View Full Version : laws of boolean algebra

04-27-2007, 01:22 PM
Proof that (x.y) + (x'.z) + (x'.y.z') = y + (x'.z) using laws of boolean algebra:

My solution:

(x.y) + (x'.z) + (x'.y.z') = y + (x'.z)
(x.y) + (x'.y.z') + (x'.z)
y(x+x'.z') + (x'.z) Distributive law
y(1.z') + (x'.z) Laws of exclude middle
y(1) + (x'.z) Identity law

Is this correct?

04-27-2007, 03:25 PM
I will guess that you are using the decimal point to stand for multiplication (instead of the "*" or the ""). But what is meant by the "prime" notation?

Also, should we assume multiplication and addition are the usual operations, or are there special rules for this exercise?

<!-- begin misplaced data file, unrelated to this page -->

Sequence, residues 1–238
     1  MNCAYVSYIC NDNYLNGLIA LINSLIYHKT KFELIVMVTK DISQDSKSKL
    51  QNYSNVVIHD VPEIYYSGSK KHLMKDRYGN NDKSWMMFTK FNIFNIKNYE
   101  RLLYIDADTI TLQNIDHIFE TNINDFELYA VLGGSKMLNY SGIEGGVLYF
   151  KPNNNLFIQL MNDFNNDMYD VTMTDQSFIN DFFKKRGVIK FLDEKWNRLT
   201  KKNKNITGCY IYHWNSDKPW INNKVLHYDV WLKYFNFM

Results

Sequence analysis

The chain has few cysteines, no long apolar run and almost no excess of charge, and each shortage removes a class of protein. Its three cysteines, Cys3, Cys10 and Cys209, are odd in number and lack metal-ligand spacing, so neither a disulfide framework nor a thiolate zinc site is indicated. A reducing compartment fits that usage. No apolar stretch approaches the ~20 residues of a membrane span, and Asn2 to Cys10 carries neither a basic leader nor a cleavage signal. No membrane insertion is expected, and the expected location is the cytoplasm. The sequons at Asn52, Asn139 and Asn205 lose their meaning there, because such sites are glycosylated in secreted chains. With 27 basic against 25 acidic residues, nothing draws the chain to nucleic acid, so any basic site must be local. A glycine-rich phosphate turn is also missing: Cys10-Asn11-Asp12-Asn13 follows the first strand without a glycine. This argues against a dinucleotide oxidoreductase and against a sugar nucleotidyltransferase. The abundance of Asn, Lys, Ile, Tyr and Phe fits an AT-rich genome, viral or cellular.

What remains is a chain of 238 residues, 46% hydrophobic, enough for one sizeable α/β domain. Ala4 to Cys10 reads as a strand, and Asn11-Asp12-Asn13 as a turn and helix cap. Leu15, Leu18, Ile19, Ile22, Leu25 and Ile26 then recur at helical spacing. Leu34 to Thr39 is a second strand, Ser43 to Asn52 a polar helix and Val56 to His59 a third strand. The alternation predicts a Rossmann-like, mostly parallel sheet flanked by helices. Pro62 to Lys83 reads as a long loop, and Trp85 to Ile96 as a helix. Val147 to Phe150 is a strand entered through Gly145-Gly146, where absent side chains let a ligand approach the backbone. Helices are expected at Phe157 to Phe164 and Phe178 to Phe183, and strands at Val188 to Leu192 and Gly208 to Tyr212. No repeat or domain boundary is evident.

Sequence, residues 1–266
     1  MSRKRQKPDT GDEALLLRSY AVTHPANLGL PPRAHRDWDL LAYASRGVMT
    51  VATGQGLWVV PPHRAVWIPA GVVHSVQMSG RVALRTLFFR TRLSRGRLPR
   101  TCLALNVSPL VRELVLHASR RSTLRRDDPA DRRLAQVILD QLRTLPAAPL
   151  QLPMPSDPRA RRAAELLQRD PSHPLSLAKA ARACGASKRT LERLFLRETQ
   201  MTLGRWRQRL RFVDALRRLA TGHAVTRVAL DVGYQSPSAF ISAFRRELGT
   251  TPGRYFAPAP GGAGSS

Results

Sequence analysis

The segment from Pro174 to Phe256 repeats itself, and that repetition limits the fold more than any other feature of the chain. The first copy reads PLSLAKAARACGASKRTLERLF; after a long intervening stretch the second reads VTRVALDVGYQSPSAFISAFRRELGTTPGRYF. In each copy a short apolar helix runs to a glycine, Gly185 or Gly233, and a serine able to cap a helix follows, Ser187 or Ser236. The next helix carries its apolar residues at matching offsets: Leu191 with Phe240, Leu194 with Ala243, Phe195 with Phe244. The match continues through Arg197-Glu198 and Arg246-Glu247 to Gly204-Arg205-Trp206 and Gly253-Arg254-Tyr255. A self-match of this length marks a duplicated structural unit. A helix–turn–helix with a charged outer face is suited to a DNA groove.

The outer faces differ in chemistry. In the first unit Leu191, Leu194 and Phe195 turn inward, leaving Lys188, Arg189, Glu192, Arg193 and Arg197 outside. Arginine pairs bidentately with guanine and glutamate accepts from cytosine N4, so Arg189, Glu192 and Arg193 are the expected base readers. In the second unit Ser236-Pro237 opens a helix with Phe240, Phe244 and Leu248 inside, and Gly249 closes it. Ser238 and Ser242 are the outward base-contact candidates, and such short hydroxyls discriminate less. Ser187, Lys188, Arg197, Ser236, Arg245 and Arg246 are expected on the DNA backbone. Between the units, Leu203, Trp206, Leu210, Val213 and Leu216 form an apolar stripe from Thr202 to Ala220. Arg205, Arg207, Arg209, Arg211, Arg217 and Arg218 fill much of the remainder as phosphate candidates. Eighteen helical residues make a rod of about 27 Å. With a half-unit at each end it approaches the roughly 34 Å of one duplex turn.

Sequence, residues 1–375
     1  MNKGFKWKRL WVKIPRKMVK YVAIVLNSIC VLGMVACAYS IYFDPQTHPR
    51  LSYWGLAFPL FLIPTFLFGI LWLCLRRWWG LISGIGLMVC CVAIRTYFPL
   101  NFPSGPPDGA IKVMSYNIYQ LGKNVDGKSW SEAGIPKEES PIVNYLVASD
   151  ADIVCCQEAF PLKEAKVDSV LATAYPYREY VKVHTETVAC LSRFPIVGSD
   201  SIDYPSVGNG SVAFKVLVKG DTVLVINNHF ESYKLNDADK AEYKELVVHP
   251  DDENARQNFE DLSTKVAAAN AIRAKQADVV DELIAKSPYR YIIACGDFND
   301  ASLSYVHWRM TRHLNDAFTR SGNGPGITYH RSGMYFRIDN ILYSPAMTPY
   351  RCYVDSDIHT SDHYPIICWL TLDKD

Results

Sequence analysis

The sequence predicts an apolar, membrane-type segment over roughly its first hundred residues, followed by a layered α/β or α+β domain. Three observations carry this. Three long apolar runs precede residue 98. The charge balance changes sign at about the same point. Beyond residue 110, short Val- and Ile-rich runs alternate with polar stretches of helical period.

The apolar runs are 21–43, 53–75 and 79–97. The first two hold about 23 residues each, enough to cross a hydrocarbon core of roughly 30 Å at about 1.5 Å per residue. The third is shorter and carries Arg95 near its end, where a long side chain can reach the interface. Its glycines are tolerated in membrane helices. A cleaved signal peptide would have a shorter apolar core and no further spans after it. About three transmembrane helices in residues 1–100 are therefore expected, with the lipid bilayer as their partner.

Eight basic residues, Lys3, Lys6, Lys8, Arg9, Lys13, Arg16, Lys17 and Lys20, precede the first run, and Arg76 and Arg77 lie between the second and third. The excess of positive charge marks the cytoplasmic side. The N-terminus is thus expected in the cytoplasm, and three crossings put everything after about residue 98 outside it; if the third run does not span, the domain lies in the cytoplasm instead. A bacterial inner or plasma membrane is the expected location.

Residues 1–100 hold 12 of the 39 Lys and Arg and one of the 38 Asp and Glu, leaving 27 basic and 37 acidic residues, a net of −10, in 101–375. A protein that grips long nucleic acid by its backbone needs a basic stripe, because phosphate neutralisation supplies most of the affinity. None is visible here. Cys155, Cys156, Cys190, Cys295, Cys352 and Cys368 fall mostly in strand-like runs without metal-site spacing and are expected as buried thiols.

Thank you.


04-27-2007, 03:52 PM
1*z'=1 by an identity axiom?

Isn't the point of an "identity" to leave things alone?

04-27-2007, 06:10 PM
. represents AND
+ represents OR

04-27-2007, 06:44 PM
If I put it this way it seems that my solution indicates that they are not equal.

(x.y) + (x~.z) + (x~.y.z~) = y + (x~.z)
(x.y) + (x~.y.z~) + (x~.z)
y(x+x~.z~) + (x~.z) Distributive law
y(1.z~) + (x~.z) Laws of exclude middle
y(z~) + (x~.z)

04-29-2007, 10:54 PM
Its definitely true, I just drew a Venn Diagram and verified the identity.

In fact it is true that yz<sup>c</sup>+x<sup>c</sup>z = y + x<sup>c</sup>z.
However your step in the original proof was incorrect.

I haven't taken a class nor read any books on boolean algebra so I'm not sure which identities would be of help.